Not too many really. That's one reason to use quality components. But things didn't go perfectly trouble-free, and when anything goes wrong it can be intimidating. After all, you're staring at $1000 worth of sensitive equipment that's acting like a pile of junk, and you're wondering if it was such a good idea to give up the Customer Service that comes with a store-bought computer. Fortuntately, the internet is a wonderful place filled with information. I was able to search my problem description and find solutions.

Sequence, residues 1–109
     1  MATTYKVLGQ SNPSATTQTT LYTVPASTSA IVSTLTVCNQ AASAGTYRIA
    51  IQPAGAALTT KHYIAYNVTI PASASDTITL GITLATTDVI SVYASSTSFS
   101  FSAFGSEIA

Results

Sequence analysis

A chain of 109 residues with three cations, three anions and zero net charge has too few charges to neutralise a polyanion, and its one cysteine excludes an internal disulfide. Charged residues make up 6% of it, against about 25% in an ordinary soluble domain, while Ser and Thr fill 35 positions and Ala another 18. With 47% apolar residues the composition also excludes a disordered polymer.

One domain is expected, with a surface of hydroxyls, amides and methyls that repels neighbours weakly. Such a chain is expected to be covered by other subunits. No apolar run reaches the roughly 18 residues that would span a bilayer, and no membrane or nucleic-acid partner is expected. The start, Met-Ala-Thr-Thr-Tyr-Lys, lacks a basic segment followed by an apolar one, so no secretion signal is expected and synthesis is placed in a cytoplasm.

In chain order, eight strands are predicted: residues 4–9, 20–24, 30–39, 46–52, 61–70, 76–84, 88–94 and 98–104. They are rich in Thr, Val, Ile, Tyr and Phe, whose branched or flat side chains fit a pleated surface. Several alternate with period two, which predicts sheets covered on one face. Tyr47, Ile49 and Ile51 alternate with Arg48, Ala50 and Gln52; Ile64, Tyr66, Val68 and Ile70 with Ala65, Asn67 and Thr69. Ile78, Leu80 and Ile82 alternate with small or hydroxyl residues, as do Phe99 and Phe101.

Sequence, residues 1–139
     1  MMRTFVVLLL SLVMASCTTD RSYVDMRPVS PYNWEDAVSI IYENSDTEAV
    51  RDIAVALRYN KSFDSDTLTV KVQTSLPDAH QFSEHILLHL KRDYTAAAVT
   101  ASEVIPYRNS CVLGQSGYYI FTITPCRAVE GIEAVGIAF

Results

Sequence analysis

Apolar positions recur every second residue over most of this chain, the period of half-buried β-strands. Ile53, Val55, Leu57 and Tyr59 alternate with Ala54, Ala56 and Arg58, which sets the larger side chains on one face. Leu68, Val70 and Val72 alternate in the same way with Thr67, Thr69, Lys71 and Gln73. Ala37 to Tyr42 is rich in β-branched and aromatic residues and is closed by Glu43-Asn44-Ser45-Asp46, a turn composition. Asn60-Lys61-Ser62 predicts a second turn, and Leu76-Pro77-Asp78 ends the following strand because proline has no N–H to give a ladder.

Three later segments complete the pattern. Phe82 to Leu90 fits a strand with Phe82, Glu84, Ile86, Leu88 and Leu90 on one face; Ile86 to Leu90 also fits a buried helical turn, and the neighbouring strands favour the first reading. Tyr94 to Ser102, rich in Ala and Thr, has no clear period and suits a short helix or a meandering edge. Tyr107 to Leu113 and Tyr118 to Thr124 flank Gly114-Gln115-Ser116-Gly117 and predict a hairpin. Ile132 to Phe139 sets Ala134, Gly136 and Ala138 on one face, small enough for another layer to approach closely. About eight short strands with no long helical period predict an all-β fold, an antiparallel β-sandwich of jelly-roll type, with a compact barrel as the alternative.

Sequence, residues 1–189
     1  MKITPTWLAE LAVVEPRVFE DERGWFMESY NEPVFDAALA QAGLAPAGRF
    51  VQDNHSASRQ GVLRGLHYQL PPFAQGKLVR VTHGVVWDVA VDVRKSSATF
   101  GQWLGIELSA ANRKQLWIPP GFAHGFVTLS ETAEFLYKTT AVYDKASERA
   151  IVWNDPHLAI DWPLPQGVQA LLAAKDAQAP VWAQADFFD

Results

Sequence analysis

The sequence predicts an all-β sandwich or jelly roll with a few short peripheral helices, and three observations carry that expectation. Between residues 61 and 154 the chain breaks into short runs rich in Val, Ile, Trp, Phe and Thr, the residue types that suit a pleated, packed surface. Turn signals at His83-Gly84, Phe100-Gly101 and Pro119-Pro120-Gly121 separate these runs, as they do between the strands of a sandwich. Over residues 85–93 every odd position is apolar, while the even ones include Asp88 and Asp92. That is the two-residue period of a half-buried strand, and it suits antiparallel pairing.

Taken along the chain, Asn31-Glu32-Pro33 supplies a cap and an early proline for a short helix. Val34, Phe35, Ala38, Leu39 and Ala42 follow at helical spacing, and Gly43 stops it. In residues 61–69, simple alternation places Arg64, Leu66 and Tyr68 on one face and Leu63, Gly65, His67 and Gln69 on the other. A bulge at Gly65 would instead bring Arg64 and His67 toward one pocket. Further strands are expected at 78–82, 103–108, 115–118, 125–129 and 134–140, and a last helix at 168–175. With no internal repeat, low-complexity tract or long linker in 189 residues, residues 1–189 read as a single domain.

|The first time I tried to do a power-up, pretty much nothing happened. The fans were turning and I could tell the system had power. The CD-ROM drive light came on and I could tell it was getting power. But the LED on the monitor never turned green, it just kept blinking orange as if the computer were turned off. The screen was blank. I felt sure the processor must be bad. But I pulled it out and gave it a thorough visual inspection and it looked ok. My search of the internet did not turn up anything on my specific problem, but I did happen to read about someone having a problem with their CD-ROM and it was due to their IDE cable being the wrong length. Do tell! I didn't even know they had to be a certain length. So I checked and sure enough, they should not exceed 18 inches. Mine was a 24 inch cable I had purchased from Radio Shack. I don't know why I'm buying cables from Radio Shack when I'm so keen on quality - but who knew? I didn't really see how the CD-ROM cable could be the problem, but it sounded like I had an improper cable anyway. So I purchased a quality cable, namely a Belkin Ultra 66 IDE 18 inch cable, and replaced the 24 inch Radio Shack cable. I tried powering up again, and, Voila!, It's Alive !! I had a living, breathing computer that now only needed proper preparation and grooming! I did my first "Dance Of Joy" for The Super PC.|